4. Should women who are mothers say to women who are barren: “You shouldn’t be sad. Having children will not make you happy in life. You can have many spiritual children through your service to the Lord.” Does the heart of Christ give such a callous response to the desires of others? No, it does not. We read, “And her adversary also provoked her sore, for to make her fret, because the Lord had shut up her womb. And she (Hannah) was in bitterness of soul, and prayed unto the Lord, and wept sore. …And Elkanah knew Hannah his wife; and the Lord remembered her. Wherefore it came to pass when the time was come about after Hannah had conceived, that she bare a son, and called his name Samuel…. For this child I prayed (said Hannah). And the Lord hath given me my petition which I asked of him” (1 Samuel 1:6,10,19,20,27).

5. Is it right for married Christians to say to their single brothers and sisters: “You shouldn’t be sad. Having a husband or wife is not what makes you happy. The Lord is your joy. Do we forget how the heart of Christ responded to the desire of Hannah to have a child? The Lord did not make light of her desire. Why should Christians make light of the desires as well as the tribulations of their brethren in the Lord? If the only joy we need is the joy of the Lord, why did the Lord himself tell us to ask our petitions in his name that our joy may be FULL (St. John 16:24)?

6. Is is right for young Christians to tell the elderly believers who languish away in nursing homes: “You need not be sad, because you have the Lord. He is your friend and faithful companion.” What an insensitive and ugly response that does not reflect the caring heart of Christ. The Lord is the one who put the desire for friendship, as well as other desires, in man. He wants those desires satisfied, which is why he does not make light of them.

7. Is it right for those who have their freedom to tell our brethren imprisoned for their faith, as well as the innocent in prison: “Don’t be sad. If you are truly saved, Jesus is right there in prison with you. If these insensitive words truly reflected the heart of Christ, why then did Jesus say that when we visit our brethren in prisons it is the same as visiting him in prison (Matthew 25:31-46)?

8. Should gentile Christians, not having been subjected to the partial spiritual blindness that has happened to Israel, say things like: “The evidence that Christ is your Messiah and Savior of the world is as clear as can be, but you don’t see it. What’s wrong with you? The heart of Christ tells us to pray for the peace of Jerusalem. True peace is Jesus. Do we love Christ, but not the people from which he came according to the flesh?

This list could go on and on. The idea is to keep in mind that when our brethren in the Lord are going through hardships, some of them are fighting the good fight of faith. The heart of Christ tells us to encourage, edify, and pray for them instead of making light of their troubles and their desires.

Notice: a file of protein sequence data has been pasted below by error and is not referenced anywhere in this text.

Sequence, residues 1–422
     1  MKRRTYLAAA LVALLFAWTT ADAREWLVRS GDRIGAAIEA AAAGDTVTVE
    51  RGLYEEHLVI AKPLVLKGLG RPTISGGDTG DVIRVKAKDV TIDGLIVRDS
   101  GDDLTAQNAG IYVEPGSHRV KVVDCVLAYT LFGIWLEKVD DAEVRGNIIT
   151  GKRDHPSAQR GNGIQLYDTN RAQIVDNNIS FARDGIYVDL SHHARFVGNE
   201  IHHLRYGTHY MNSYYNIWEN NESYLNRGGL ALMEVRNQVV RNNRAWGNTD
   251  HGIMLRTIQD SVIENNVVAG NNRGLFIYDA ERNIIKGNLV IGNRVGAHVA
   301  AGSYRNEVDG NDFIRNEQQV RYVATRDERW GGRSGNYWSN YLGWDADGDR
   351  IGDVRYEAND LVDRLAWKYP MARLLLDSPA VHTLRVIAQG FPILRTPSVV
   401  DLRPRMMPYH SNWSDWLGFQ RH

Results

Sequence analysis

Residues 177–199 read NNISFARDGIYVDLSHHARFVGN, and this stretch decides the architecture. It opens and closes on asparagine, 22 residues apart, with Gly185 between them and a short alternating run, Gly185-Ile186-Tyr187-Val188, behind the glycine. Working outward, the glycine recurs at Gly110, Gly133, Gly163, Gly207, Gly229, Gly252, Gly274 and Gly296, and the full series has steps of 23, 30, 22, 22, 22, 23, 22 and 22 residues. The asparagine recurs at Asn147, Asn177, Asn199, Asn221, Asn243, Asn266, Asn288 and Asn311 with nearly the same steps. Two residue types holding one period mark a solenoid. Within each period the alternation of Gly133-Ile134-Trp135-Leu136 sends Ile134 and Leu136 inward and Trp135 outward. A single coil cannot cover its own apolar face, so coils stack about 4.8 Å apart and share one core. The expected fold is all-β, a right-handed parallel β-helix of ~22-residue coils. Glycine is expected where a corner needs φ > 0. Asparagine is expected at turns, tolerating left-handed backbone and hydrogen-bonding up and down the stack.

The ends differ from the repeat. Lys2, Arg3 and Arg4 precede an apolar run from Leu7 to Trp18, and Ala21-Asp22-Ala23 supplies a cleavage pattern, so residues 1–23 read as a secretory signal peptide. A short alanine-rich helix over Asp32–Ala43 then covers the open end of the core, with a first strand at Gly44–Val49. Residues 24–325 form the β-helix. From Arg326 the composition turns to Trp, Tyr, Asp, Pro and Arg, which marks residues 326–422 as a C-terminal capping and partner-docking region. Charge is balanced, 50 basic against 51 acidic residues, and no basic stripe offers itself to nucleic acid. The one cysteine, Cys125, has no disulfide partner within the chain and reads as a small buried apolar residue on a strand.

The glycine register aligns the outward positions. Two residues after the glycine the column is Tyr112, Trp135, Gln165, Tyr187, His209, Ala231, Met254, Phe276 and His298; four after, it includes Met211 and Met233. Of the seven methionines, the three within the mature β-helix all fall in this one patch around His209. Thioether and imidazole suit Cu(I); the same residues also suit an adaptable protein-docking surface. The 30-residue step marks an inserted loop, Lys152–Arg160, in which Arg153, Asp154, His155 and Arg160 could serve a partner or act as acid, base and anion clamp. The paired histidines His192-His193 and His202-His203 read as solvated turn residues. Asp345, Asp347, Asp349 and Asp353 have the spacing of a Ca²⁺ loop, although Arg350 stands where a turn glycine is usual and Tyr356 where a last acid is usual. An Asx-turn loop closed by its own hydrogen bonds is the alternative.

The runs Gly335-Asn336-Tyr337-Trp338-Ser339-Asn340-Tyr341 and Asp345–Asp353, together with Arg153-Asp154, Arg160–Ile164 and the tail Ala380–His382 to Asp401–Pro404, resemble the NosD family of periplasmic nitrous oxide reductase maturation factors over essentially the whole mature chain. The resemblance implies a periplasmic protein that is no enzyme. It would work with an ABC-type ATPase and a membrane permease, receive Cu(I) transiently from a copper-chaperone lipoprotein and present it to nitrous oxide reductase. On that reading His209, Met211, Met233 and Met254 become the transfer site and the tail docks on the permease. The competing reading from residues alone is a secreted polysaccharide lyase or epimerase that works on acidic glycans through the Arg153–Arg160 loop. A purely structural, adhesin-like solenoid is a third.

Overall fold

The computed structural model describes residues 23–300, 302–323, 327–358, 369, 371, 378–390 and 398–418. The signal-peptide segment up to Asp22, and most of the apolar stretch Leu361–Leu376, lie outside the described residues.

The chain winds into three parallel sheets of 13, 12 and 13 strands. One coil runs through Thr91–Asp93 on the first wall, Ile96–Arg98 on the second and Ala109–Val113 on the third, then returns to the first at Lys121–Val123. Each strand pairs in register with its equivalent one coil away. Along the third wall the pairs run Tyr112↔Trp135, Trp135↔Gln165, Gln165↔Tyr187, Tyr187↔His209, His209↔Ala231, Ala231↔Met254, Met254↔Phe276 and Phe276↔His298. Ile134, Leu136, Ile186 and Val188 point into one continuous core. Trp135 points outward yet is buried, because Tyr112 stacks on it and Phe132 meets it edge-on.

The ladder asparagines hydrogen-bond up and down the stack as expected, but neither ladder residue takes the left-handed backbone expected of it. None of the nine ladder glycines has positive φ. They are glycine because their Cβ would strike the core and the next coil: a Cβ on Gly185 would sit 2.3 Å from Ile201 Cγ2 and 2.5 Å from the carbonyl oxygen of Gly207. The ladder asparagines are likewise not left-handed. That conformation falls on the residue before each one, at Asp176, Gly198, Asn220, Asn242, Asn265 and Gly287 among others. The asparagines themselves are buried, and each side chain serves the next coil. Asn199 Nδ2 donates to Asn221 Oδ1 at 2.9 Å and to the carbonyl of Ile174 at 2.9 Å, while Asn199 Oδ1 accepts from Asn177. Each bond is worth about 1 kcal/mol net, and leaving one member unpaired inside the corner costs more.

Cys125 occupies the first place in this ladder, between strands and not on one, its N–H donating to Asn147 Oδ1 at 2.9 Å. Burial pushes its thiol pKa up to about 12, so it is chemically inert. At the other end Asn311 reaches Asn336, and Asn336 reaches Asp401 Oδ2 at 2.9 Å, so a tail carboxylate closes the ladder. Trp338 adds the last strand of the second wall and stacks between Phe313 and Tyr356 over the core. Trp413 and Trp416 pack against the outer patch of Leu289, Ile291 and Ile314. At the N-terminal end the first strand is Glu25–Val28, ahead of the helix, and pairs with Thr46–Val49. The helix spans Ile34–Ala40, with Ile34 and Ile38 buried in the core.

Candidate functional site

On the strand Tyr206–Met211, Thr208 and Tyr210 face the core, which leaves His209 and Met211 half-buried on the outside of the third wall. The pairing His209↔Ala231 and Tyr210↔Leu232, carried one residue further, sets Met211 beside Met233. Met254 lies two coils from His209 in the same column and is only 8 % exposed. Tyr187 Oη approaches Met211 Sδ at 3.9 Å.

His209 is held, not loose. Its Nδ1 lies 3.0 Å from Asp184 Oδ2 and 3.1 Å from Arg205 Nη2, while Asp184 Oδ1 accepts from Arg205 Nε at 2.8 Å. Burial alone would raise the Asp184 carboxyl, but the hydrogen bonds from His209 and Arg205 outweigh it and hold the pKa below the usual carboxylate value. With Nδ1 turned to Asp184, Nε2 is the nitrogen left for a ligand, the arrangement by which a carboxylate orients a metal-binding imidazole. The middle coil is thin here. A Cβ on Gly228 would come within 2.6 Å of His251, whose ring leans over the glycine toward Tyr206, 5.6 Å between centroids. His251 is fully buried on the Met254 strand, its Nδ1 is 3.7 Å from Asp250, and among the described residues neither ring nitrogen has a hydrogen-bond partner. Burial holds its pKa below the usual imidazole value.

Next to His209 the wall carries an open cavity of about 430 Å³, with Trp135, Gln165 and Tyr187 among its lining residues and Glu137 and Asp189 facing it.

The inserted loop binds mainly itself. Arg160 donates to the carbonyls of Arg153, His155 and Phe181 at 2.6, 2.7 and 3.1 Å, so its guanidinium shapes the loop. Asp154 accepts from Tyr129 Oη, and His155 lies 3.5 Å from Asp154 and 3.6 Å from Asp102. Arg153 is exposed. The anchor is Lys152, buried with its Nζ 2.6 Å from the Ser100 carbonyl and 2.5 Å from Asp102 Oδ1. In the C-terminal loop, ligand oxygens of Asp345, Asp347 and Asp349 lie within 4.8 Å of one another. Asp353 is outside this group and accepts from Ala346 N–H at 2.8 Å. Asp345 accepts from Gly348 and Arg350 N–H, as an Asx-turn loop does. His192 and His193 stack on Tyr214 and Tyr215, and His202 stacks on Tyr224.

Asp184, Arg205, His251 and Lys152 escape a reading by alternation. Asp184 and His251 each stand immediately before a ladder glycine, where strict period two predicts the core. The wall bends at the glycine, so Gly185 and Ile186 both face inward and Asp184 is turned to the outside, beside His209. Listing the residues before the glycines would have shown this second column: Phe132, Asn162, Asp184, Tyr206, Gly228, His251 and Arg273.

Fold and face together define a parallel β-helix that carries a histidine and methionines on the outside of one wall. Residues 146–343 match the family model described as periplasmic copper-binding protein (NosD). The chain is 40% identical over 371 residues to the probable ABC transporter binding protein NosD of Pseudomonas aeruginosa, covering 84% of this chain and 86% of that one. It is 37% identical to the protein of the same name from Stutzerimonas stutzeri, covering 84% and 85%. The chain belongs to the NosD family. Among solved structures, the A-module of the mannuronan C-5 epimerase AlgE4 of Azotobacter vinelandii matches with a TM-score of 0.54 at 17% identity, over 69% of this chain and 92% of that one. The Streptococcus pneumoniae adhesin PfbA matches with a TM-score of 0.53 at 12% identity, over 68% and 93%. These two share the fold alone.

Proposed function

We are not told to send them negative messages that say that because they are depressed for a while that they are weak, abnormal, or don’t really know the Lord.

The Saints Experienced Great Depression

“For we would not, brethren, have you ignorant of of our trouble which came to us in Asia, that we were pressed out of measure, above strength, insomuch that we despaired even of life” (2 Corinthians 1:8).

And, we read, “…Though now for a season, if need be, ye are in heaviness through manifold temptations: That the trial of your faith, being much more precious than of gold that perisheth, though it be tried with fire, might be found unto praise and honour and glory at the appearing of Jesus Christ” (1 Peter 1: 6-7).

Let Us Not Be Like Job’s “Friends”

The insensitive words that come out of our mouth as well as the encouraging words that we do NOT speak send messages, sometimes very negative ones. Saying things like, “You don’t need this or that to be happy. Let the Lord be your joy,” amounts to taking a “holier than thou” attitude. It can be perceived as saying, “Were I in your shoes, I’d be strong in the Lord. I’d know how to “hide” myself in Jesus.”

Let’s not forget that the so-called friends of Job got into much trouble because of the words they spoke to a suffering servant of the Lord. They spoke words that did not come from the comforting heart of Christ. They provoked the anger of God (Job 42:7).

The apostle Paul defines true Christian love. We read, “Though I speak with tongues of men and of angels, and have not charity (love), I am become as sounding brass, or a tinkling cymbal. And though I have the gift of prophecy, and understand all mysteries, and all knowledge; and though I have all faith, so that I could remove mountains, and have not charity (love), I am nothing. And though I bestow all my goods to feed the poor, and though I give my body to be burned (sacrificed), and have not charity, it profiteth me nothing. Charity (love) suffereth long, and is kind. Charity envieth not; charity vaunteth not itself, is not puffed up, doth not behave itself unseemly, seeketh not her own, is not easily provoked, thinketh no evil, rejoiceth not in iniquity, but rejoiceth in the truth…” (1 Corinthians 13:1-6). Love is the heart of Christ.

Heavenly Manna